Return of The Citizen Legislator: Senator Tom Coburn of Oklahoma Won't Give "Yes" For an Answer Because His Country Needs "No"

Mark Twain once observed, "There is no distinctly native American criminal class, except Congress." Today, in this era of horrendous budget deficits, even Twain would be stunned at the magnitude of untouchable fraud and waste perpetrated daily by politicians and government officials, all eager to strip the American wallet of every possible dime in their own selfish interest. And who stands against them?

A guy named Tom Coburn?

Wait a minute ... Wasn't he the guy who pissed off Congress by ranting about the infamous bridge to nowhere in Alaska. As George W. noted back as far back as 2006:

Coburn came to the nation's attention last October when he proposed taking the $223 million earmarked for Alaska's "Bridge to Nowhere" and using it to repair a New Orleans bridge destroyed by Hurricane Katrina. Because this threat to Alaska also threatened Congress's code of comity -- mutual respect for everyone's parochial interests -- his proposal lost by 67 votes. But rather than do the decent thing -- apologize, tug his forelock and slink away chastened -- he refused to stop talking about it, made it an embarrassment to the Senate and catalyzed revulsion against spending that is both promiscuous and parochial.

A lone warrior in a mire of corporate greed, soft money kick-backs, and home-grown sociopathology, Republican Senator Tom Coburn of Oklahoma and his staff struggle daily to restore some semblance of integrity to Congress. According to their estimates (which agree with mine), our government dedicates upwards of $300 billion per year to fraudulent and wasteful spending, i.e., enough money to build a fleet of spaceships and colonize the entire nation of Zimbabwe in lavish terra-domes on the planet Mars (minus Mugabe).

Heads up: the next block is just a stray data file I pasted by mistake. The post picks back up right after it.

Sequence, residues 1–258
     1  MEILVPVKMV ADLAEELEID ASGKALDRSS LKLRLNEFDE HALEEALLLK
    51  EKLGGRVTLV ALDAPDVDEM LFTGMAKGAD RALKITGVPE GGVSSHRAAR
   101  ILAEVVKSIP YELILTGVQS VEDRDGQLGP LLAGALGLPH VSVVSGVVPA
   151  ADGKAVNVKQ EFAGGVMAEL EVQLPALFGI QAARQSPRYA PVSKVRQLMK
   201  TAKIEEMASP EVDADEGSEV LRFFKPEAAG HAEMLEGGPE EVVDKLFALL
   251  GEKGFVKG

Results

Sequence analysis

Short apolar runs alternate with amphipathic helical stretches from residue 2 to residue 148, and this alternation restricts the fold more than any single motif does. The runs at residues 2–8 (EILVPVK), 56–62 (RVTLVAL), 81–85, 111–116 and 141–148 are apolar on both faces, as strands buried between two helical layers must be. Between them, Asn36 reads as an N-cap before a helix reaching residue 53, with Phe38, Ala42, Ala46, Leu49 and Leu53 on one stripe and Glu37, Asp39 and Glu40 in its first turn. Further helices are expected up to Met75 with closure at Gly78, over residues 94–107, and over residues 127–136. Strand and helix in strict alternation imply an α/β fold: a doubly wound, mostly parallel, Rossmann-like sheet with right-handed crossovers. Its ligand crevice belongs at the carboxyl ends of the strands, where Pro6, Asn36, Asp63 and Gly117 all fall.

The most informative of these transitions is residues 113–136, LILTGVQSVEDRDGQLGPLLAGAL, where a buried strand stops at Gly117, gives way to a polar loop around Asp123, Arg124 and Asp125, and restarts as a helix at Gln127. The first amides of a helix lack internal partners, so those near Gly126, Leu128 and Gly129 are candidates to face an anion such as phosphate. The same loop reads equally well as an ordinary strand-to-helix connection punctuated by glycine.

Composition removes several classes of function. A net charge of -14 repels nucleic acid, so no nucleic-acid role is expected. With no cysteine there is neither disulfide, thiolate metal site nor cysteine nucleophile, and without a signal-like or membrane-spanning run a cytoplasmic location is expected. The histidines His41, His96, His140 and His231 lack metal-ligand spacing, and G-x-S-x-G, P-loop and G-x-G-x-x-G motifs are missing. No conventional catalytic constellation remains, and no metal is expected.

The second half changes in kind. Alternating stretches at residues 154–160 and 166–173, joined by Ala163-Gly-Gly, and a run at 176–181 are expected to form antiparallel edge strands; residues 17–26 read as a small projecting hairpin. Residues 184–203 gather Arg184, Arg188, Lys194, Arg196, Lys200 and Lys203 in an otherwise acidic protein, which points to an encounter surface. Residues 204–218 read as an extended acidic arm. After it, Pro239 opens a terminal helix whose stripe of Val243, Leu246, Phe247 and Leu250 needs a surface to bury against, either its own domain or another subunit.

As I've said before, our government is like a morbidly obese human being, weighted to debilitation by an excess of budget fat resulting from a never-ending infusion of unneeded tax calories. Sure, the calories are good to a point, but once that point is passed, they only create layers and layers of pointless bureaucracy, and stagnant Treasury pools of money waiting to be pirated by the best and brightest. Arguably, the worst thing that ever happened to American government was income tax.

But, oh God, how can we live without it? Well, we've been conditioned my friend. If this government had a single accounting system that worked, if we had zero tolerance for reckless spending, if we stopped allowing the White House to facilitate the thievery, the average American could easily have his or her tax burden cut in half, or even more. Considering that the average American loses 40% or more of his or her income to taxes, is that such a bad idea?

Back to Senator Tom Coburn, also known as Dr. No because he says NO to all types of wasteful spending. Why? Because he understands that Congress is constantly earmarking money for programs and sprees that are not only pointless but often duplicated elsewhere. His yes-man enemies in Congress, like Nancy and Harry (of course), are attempting to end-run Coburn's tactics of delaying wasteful spending bills. Coburn, unlike most yes-woman and yes-man politicians in Congress, is not interested in doing favors to get ahead (he even imposed term limits on himself!), so he rejects earmarks without hesitation. Like any rational being, he understands the true costs. And unlike those without moral compass, he takes responsibility.

How dare he? What could make a politician more angry than a colleague who stands in contrast and in doing so reveals their perpetual complicity and hypocrisy?

According to The New York Times:

[Senator Coburn] said the Senate was shirking its duty by failing to give closer review to the hundreds of bills that slide through by unanimous consent. And he said Congress should not be clearing the way for billions of dollars in potential new spending — even on meritorious projects — without making reductions elsewhere. Fearful of the public debt piling up, he said he wanted the opportunity to at least propose those cuts.

You go Big Tom!

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